Calculating stops is not always an exact science. “[Using a set amount or percentage] is a ridiculous thing to do because you need to understand each of the products,” Cook says. Cook uses support and resistance levels to determine where to place stops. “If I get in on a sell position, I look at the previous level where the market hit, and I put my stop beyond that. You look at the market swings,” he says.

Cofnas says although support and resistance levels are logical places for stops, “It’s never an exact location. It’s the location where your total profitability plateaus.” He says you can tell if your stops are in the right place based on changes in your trading record. “If you’re profitable and you widen your stops slightly and your record goes up, then your stops are too narrow,” he says. “The most efficient stop location is the location that has optimized your production. If you shift your stop and your profits don’t go up or down, that’s the best place for it. If you’ve altered your stops to the point where you can’t get any more profitable, over a long series of trades, then you’ve achieved the best location for your stops.”

While an initial stop protects your maximum risk, a trailing stop, a stop order set at a percentage level below the market price for a long position, protects your profits. Just as you want to limit your potential loss initially, you will want to protect profits as the market moves in your direction. Typically this involves moving the stop to the breakeven level once the position moves in your favor. Then if the position continues to move in your favor, you move the stop to lock in additional profits. Just as with the initial stop, you should leave some breathing room and move stops to logical support/resistance levels rather than using an arbitrary dollar amount.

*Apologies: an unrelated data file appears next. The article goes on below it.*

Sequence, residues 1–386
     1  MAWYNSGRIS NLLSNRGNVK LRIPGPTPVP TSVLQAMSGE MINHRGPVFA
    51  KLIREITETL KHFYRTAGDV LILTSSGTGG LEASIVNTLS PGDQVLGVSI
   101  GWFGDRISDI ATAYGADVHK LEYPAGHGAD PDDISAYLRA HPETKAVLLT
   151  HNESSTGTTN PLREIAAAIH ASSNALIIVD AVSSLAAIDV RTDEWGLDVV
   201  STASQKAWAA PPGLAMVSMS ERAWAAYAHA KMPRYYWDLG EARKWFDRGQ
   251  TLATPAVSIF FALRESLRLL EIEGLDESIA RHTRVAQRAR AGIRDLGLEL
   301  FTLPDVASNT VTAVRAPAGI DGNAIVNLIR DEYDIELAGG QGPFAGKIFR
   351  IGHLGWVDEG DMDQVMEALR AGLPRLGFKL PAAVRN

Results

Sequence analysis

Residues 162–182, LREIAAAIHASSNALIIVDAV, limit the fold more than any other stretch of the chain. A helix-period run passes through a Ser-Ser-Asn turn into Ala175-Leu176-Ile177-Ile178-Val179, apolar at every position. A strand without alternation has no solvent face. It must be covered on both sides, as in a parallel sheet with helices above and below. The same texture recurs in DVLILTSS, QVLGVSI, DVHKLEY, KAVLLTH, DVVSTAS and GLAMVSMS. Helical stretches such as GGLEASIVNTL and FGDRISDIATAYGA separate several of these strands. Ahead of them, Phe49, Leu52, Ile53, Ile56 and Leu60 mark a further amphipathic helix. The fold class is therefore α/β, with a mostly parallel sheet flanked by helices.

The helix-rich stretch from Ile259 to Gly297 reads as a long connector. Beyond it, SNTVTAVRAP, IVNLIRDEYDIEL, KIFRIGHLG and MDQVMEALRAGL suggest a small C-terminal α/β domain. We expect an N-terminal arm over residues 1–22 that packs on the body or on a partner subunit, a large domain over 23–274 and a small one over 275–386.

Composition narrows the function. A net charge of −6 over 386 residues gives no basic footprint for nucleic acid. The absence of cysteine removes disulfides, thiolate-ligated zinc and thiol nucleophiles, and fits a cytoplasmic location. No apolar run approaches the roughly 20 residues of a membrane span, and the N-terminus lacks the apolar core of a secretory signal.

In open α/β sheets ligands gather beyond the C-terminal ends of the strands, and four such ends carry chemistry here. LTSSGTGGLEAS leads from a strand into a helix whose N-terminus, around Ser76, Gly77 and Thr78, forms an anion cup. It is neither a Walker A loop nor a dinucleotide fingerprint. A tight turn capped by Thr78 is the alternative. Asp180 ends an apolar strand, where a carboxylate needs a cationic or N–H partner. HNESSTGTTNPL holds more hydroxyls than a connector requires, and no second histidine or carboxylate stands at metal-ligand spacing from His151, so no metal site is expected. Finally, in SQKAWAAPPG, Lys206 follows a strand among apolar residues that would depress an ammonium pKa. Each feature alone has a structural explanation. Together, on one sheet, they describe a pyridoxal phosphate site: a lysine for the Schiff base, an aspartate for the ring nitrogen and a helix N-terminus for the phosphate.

Slippage, the difference between estimated transaction costs and the amount actually paid, can happen, so it’s a good idea to build that into your trading model.

“I use a 5% rule — if I’m expecting to lose $200, I might have to account for $10 [for slippage],” Cook says.

Waldock says that allowing for slippage is a question of liquidity, and it depends on what you’re trading and how much. “Slippage is not an issue except in the most extreme circumstances,” he says.

ENTRY STOPS

Stops also can be used to enter the market. Typically entry stops are used in breakout systems where you are waiting for a market to reveal its direction by taking out a resistance level in the case of a buy stop or taking out a support level in the case of a sell stop. Waldock notes the same algorithm or pattern as protective stop placement also can be used in entry stops. “We’re letting the market’s momentum get us into a trade and that’s why you’ll see lots of algorithmic stop orders as entry orders. We’re saying that an object in motion is going to stay in motion,” he says. Your stop must be filled at the price you specify. “If the market blows through it, you may never get in, but you won’t be filled worse than your stop price.”

“Stop entry orders are very good if you locate exactly where you think you would get in,” Cofnas says, adding that they’re also useful for breakout trades.

By using stops as entries, “You’re putting in a position where you don’t know what’s going to happen at the end of the day,” says Dan Pavilonis, senior market strategist at Lind-Waldock. “You want to stay far enough away with a stop so that it’s going to protect you. Initially, you put on the trade that would be your exit level, your worst-case scenario, how much you’re going to risk. From your entry point, you understand what your risk is. I try to wait for the market to hit a certain area before I enter [it]. That’s why I don’t place stops as entry levels.” He adds that current market volatility is another reason he’s against using stops as entries.

Although some traders don’t like using stops in general, you probably should not trade without them, as they do offer a certain level of protection. “Everything has to have limits and the refusal to put a stop on is a weakness of discipline. If you don’t put [a stop] on, you’re basically playing against the market and it’s an ego game,” Cofnas says.

Cook says that if traders don’t use a stop, “if the market moves against them and they don’t have a place that they’re willing to accept the loss and move on, they’ll end up blowing up their entire account. [Stops] are there to limit the loss and as a psychological buffer. [Not using stops] is trading suicide.”

And stops really can keep you in the trading game. “The trick is being able to take the next trade,” Waldock says. “You can’t take the next trade if you’re stuck in a losing one.”